“I don’t think the main opposition will come up with such a vindictive approach,” said Acharya. “If that happened, the judiciary would plunge into another never-ending conflict.”
Another constitutional expert, Tikaram Bhattarai also said the UML may not take such a move, which could prove counterproductive for the party, at a time when the country is heading towards elections.
He said the impeachment was the result of the ongoing struggle of the justices and Nepal Bar Association as Rana refused to abide by the suggestion of the ruling alliance to give a way out by staying on leave. “I think it’s a compulsive move of the ruling parties to bring the judiciary onto track after four major bodies– Constitutional Council, Judicial Council, Judicial Service Commission and the Supreme Court–are dysfunctional,” Bhattarai told the Post. “The move aims to ensure proper functioning of the constitution that was obstructed due to the chief justice.”
Rana is the second chief justice to face an impeachment motion. In 2017, the Maoist Centre and the Congress had registered a similar proposal against then-chief justice Sushila Karki, accusing her of interference after the Supreme Court overturned the government’s decision to appoint Jaya Bahadur Chand as Nepal Police chief. It was a single bench of Rana, who was then a justice at the Supreme Court, which had on May 5, 2017 stayed the impeachment motion, saying that “the move to impeach the chief justice is against the spirit of the Constitution of Nepal”.
Until protests emerged against Rana in October last year, he was largely hailed as a hero for protecting the constitution as the Constitutional Bench led by him had restored the House twice dissolved—on December 20, 2020 and May 21, 2021—by the Oli government.
It was the Rana-led bench that on July 12 ordered installation of the Deuba-led government after lawmakers from the Nepali Congress and the Maoist Centre and others filed a petition against Oli’s May 2021 House dissolution.
On Sunday, Dahal said that the impeachment motion against Rana “will further strengthen the ruling coalition”.
“The process was initiated after Rana refused to give a way out to the lingering deadlock in the judiciary and further escalated conflict in the legal sector,” Dahal said while speaking to reporters in Janakpur on Sunday.
In the proposal registered at the Parliament Secretariat, the lawmakers have levelled 21 charges against the chief justice including that he completely failed to strengthen the independent and competent judiciary apart from failing to protect the country’s legal sector.
“It has been proved that the chief justice had demeaned and misused his position by demanding his share as an ex-officio member of the Constitutional Council at the constitutional commissions and other commissions and had recommended the appointment of his family members and close people without devising any criteria,” the lawmakers said in their motion.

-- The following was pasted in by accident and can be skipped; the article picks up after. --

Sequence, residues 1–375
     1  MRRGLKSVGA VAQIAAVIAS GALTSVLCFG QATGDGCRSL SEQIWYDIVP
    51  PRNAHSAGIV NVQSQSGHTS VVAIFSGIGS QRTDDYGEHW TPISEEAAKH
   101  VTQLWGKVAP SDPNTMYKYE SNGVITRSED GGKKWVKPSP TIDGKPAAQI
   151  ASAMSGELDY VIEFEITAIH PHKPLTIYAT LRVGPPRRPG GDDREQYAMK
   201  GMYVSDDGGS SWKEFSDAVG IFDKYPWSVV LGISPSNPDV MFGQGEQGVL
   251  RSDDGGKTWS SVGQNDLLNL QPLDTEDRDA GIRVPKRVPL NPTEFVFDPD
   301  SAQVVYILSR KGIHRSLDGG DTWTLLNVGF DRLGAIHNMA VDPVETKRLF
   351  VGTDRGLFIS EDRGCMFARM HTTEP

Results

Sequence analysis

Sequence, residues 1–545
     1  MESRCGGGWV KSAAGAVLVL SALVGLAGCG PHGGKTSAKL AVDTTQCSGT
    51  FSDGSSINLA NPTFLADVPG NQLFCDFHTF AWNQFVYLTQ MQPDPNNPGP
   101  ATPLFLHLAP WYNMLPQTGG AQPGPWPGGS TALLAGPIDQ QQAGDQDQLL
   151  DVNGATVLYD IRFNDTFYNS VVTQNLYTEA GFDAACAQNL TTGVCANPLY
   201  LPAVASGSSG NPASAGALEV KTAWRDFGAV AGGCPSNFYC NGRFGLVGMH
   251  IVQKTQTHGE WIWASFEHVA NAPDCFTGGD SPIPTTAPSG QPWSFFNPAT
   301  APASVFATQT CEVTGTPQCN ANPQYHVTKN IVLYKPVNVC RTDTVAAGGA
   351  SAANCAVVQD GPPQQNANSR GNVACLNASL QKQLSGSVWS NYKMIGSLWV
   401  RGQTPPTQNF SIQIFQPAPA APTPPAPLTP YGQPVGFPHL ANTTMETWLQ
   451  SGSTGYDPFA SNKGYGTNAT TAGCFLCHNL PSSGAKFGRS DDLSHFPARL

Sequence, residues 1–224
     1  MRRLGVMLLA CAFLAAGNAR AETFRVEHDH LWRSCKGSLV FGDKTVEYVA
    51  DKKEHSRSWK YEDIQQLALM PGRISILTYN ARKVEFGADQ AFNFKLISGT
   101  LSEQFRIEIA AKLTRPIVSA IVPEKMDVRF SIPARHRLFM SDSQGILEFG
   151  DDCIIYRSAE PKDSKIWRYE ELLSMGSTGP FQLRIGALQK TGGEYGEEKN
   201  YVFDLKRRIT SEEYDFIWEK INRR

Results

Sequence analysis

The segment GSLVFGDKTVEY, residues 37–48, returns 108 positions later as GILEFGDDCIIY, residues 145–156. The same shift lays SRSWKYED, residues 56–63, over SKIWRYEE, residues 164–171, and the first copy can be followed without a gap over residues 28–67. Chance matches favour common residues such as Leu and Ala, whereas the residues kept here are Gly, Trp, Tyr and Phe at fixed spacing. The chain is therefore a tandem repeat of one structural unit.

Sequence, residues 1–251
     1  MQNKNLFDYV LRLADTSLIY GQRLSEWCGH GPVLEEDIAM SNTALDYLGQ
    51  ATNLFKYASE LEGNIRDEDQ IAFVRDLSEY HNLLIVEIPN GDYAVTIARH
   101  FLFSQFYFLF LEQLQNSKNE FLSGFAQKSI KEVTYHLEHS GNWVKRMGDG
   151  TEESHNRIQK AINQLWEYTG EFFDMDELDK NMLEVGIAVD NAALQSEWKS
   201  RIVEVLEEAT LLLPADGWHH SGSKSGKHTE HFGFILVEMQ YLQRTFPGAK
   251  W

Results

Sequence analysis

The motion was registered after a meeting between three top leaders of the ruling alliance—Deuba, Dahal and Nepal—at Baluwatar on Sunday.
Some UML leaders have said the motive behind bringing the impeachment motion at this point of time was to influence the decisions of the Supreme Court with the warning that other justices could also be impeached anytime.
A senior justice of the Supreme Court said all the judges were shocked to hear the news about the impeachment motion. The justice said there could be many implications of the impeachment motion such as serving the interests of the ruling parties in the case of 14 lawmakers including Madhav Nepal expelled by the UML as they want the court to stop the MCC compact besides annulling the constitutional appointments made by the Oli government. “We are worried as this move could inflict more political intervention on the judiciary,” said the justice. “There are media reports saying more impeachment motions could be registered which will further harm the already damaged judiciary.”
Former chief justice Anup Raj Sharma also expressed concern over the possible decision of the UML to impeach more justices as that could create a mess in the judiciary. “It would be better if Rana resigned as he could create more mess if he returned to the Supreme Court,” said Sharma. “The picture is not clear yet.”
He said the registration of impeachment motions against two chief justices seriously damaged the image of the judiciary.
A senior UML leader said their Parliamentary Party meeting scheduled for Monday morning could take a decision on whether to bring another impeachment motion but he didn’t elaborate whether that would be against four justices of the Supreme Court who were involved in reinstating the House last year. UML leaders have been saying that impeachment motion should be registered against the four other justices instead of the chief justice.
“We have entrusted our Parliamentary Party to take necessary decisions,” said Shankar Pokhrel, general secretary of the party following the Secretariat meeting at Oli’s residence in Balkot. “We have decided to seriously counter the move of the ruling coalition.”